BLACK POWDER CARTRIDGE RIFLES

RELOADING & SHOOTING

TECHNIQUES, TOOLS, SETUP, AND THOUGHTS

Latest Revision: 12/17/2004

Clarence A. Dykstra

Legal Disclaimer:  The information presented within this document represented the author's experience.  Techniques and loadings were safe on the dates and in the rifles performed by the author.  However, since the author has no control over how this information is used by another individual, all information presented only for use entirely at the discretion and risk of the user.  Users are responsible for utilizing currently-available, commercial information to assure yourself of the safety of each and aspect of reloading technique.  The author accepts no legal responsibility, either expressed or implied, for this information.  
Table of Contents

Chapter I:   Introduction        3

Chapter II:  Bullet Selection for Matches/Hunting     4

Chapter III: Cases and Case Preparation      5

Selecting and Purchasing Cases     5

Annealing Cases       5

New Case Preparation       6

Resizing Cases       6

Loading Un-sized Cases      7

Expanding Cases       7

Case Forming        8

Chapter IV:  Re-Loading Black Powder Cast Bullet Ammunition   9

Primers and Priming       9

Powder Selection       9

Powder Measure Setting and Powder Measurement   10

Chapter V:  Load Development       12

Compression Die Setting and Use     13

Bullet Lubes        13

Bullet Seating        14

Shooting Cast Bullets       15

Chapter VI:  Shooting Black Powder Rifles      17

Shooting Sharps Rifles      17

Shooting Rolling Block Rifles     18

Shooting Ballards       19

Shooting High Walls       19

Chapter VII:  Shooting Black Powder Cartridges     20

Chapter VIII: Rifle and Cartridge Case Care      21

Black Powder Cartridge Rifle Care     21

Cartridge Case Care       21

Appendix A:  Cartridge Calculations       23

Appendix B: Sources of Information, Equipment, Supplies    24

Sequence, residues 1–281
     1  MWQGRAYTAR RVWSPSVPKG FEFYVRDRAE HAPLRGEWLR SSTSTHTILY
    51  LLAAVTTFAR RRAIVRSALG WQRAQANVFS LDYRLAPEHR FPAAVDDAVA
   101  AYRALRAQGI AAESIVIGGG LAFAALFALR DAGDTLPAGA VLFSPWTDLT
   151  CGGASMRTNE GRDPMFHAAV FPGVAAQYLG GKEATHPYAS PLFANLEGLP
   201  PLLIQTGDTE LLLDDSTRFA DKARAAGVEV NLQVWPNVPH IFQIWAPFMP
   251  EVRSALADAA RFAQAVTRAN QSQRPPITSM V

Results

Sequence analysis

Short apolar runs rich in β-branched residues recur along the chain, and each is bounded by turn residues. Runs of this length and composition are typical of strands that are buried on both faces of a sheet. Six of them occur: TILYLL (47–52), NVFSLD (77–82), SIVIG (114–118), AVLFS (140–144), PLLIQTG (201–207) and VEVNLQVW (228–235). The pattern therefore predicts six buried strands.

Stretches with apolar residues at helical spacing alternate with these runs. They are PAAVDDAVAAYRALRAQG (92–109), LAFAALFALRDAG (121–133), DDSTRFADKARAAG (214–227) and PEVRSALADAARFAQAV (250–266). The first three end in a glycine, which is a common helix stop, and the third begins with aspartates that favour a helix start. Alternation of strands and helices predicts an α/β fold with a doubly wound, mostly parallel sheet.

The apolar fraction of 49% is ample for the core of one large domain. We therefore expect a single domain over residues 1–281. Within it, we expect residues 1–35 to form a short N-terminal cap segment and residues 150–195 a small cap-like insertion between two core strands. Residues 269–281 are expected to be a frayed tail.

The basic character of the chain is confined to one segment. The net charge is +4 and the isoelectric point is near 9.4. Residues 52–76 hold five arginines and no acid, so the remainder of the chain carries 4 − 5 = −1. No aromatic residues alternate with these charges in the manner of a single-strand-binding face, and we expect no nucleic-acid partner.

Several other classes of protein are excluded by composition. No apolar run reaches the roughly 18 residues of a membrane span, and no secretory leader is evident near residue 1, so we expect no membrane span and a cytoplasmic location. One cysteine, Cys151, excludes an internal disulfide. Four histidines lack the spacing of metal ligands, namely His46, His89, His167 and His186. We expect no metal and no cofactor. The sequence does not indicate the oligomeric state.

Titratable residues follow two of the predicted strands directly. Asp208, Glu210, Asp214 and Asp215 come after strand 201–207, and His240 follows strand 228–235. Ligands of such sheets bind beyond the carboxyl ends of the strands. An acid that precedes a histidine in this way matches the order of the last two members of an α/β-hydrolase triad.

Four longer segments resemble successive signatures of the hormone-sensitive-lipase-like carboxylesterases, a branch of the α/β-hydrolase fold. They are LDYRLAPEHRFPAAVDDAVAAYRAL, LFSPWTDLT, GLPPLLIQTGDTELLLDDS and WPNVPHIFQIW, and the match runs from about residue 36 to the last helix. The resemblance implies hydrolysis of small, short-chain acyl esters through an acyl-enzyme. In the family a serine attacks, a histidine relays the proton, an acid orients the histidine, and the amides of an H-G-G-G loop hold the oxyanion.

Appendix C: Casting Lead Bullets       25

Appendix D:  Smokeless Powder Loading      28

Chapter I

Introduction

This is a compendium of techniques I've learned from a lot of reading and experience since 1990, when I first began loading black powder cartridges and shooting in Black Powder Cartridge Silhouette competition.  Most of my testing in those days was at 100-200 yards.  Around 1995, I began sponsoring Black Powder Target matches at Baton Rouge, LA, where we shot offhand, sitting from cross sticks, and prone from cross sticks at 200 yards.  When that range closed a couple of years later, we moved the matches to Bogue Chitto, MS, where we continue to shoot.  We shoot the regulation course of offhand at 200 yards, sitting from cross-sticks at 300 yards, and prone at 600 yards.  I also shoot silhouettes at Pascagoula, MS.  Over the years, I have shot in 8 Montana State BPCR Silhouette championship matches, the precursor of the Quigley match, 2 years of monthly BPCR silhouette matches at Friendship, IN, several buffalo shoots at Boaz, KY, and five National Championships at Raton, New Mexico.  Once I began shooting at the longer ranges, I found I enjoyed it more than shooting at the shorter ranges.  I have been fortunate to have access to the longer ranges and have not shot reduced range matches since then.  I have access to a private 300-yard range, and several of my rifles have never been tested at shorter distances.

During the time I've been shooting BPCR, I have used these rifles:

The primary purpose of this article is to help the newcomer to the BPCR sport quickly learn techniques that have worked for me in loading .40 and .45 caliber match ammunition using black powder and cast bullets.  The techniques I describe are not the only ways to make BPCR rifles shoot well.  Other experienced shooters advocate and successfully use significantly different practices.  Readers are advised to experiment and find methods that work for them.

For those who might be interested in shooting with smokeless powder, I have included some information in Appendix E.  The techniques I discuss will work for both match ammunition for target shooters and accurate hunting ammunition.


Chapter II

Bullet Selection for Match/Hunting Ammunition